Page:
Cannabis legalization is proceeding in Mexico after several years of no action. In 2017, Mexico published an amendment to its General Health Law that allowed THC use for medical purposes and ordered the government to implement secondary regulations to support the new law. At first, nothing happened. However, in August 2019, the Supreme Court of Justice in Mexico granted an amparo (constitutional) injunction to an underage child suffering from West syndrome, a condition that required CBD and THC dosing as part of his medical treatment. The Court determined that the child´s right to health services was violated because the Ministry of Health’s delay in issuing the secondary regulations that guaranteed child access to the therapeutic use of Cannabis.

The injunction represented a watershed moment for cannabis legalization in Mexico. In addition to the humanitarian benefit of ensuring the child’s access to his medical treatment, the Court ordered the Ministry of Health to issue regulations regarding the therapeutic use of cannabis and its derivatives within 180 business days.

As of today, the Mexican Congress is considering approximately 11 bills related to the required regulations. However, according to experts, the bill introduced by Mrs. Olga Sánchez Cordero (former Senator and currently Mexico’s Interior Minister) in November 2018 (the “Cannabis Law Bill”) appears to have the best chance of becoming law. Specifically, it covers a broad range of cannabis use: 1) scientific use; 2) individual use (self-consumption and personal use through production cooperatives); and 3) commercial use (pharmaceutical, therapeutic, adult and industrial).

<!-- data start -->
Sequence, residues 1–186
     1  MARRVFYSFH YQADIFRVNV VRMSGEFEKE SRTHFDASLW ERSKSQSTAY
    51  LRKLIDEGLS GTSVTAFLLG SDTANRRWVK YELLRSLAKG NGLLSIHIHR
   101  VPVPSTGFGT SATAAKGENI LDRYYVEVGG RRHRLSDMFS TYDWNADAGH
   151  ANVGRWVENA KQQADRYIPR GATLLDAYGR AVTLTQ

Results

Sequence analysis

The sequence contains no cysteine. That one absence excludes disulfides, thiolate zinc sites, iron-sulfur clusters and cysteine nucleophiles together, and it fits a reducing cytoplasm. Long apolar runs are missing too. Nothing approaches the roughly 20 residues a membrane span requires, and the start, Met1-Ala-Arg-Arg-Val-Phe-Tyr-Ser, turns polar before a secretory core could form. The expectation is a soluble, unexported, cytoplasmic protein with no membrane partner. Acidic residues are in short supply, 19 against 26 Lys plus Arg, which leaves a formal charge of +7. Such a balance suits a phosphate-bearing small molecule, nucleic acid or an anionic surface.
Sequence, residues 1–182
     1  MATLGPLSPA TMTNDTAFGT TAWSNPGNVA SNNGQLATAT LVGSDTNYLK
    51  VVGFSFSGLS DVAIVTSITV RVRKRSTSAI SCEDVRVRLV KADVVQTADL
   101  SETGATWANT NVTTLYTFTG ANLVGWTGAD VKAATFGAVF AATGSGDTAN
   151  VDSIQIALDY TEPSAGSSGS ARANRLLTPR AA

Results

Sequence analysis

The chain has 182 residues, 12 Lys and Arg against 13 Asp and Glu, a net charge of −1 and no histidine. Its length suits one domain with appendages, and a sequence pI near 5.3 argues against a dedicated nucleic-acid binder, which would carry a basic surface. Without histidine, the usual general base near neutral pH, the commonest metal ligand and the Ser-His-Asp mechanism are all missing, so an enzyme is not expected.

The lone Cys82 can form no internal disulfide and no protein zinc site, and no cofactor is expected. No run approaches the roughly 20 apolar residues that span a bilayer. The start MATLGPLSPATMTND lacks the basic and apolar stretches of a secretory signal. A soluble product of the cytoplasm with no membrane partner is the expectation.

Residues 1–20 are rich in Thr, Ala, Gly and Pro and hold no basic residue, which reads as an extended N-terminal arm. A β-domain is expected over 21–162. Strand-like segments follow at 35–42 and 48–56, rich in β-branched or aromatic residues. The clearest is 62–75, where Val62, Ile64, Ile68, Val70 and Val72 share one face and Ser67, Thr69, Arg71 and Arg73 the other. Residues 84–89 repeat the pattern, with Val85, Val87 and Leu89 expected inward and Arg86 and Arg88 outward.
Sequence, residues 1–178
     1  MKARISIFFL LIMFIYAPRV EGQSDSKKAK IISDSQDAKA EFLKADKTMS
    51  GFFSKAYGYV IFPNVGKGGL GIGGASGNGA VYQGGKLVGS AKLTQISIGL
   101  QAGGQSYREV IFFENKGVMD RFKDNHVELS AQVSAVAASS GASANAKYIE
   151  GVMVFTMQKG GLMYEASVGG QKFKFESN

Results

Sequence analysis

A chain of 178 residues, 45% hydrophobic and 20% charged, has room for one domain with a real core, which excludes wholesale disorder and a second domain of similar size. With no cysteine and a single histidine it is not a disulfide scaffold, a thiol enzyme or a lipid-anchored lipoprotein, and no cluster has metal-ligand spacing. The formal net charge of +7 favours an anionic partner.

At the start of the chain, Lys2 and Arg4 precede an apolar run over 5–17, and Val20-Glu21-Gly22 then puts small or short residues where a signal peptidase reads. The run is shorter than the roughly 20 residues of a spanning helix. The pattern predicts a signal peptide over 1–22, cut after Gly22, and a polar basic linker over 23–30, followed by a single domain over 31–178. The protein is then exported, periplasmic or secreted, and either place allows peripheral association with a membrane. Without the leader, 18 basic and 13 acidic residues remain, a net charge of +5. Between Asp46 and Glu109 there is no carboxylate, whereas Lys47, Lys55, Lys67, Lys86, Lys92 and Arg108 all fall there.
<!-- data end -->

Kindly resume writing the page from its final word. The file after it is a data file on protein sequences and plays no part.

Sánchez Cordero’s bill, which was introduced shortly after the Court ruled for the fifth time that Mexico´s ban on recreational cannabis was unconstitutional, will address cannabis legalization under a strict regulation model. Her model represents a mid-point between absolute prohibition and completely free market dynamics, and will regulate and monitor the entire legalized cannabis supply chain.

The Cannabis Law Bill also provides for the creation of a new administrative body under the Ministry of Health: the Mexican Institute for the Regulation and Control of Cannabis. This new entity will be in charge of issuing regulation and licenses for the planting, growing, harvesting, production, transformation, labeling, storage, transportation, distribution and commercialization of cannabis.  If approved, this new law will also establish restrictions on, for example, advertising, sponsorships, importation, packaging (child-resistant), THC & CBD maximum levels and authorized cannabis varieties, and will prohibit cannabis edibles.

Regarding cannabis production, the Cannabis Law Bill allows for the creation of production cooperatives with a minimum of 80% of Mexican capital stock and a maximum of 150 shareholders. Each of the shareholders would be permitted to produce a maximum of 480 grams of cannabis per year. Likewise, those interested in individual cannabis use could grow (on private property) up to 20 cannabis plants, production from which may not exceed 480 grams per year.

Cannabis legalization is moving forward rapidly and Mexico will soon have the regulations in place to support a new industry that has been eyed by investors all around the globe.


Paulina Doen is an associate in Baker McKenzie's Mexico City office where she specializes in Energy, Mining and Infrastructure.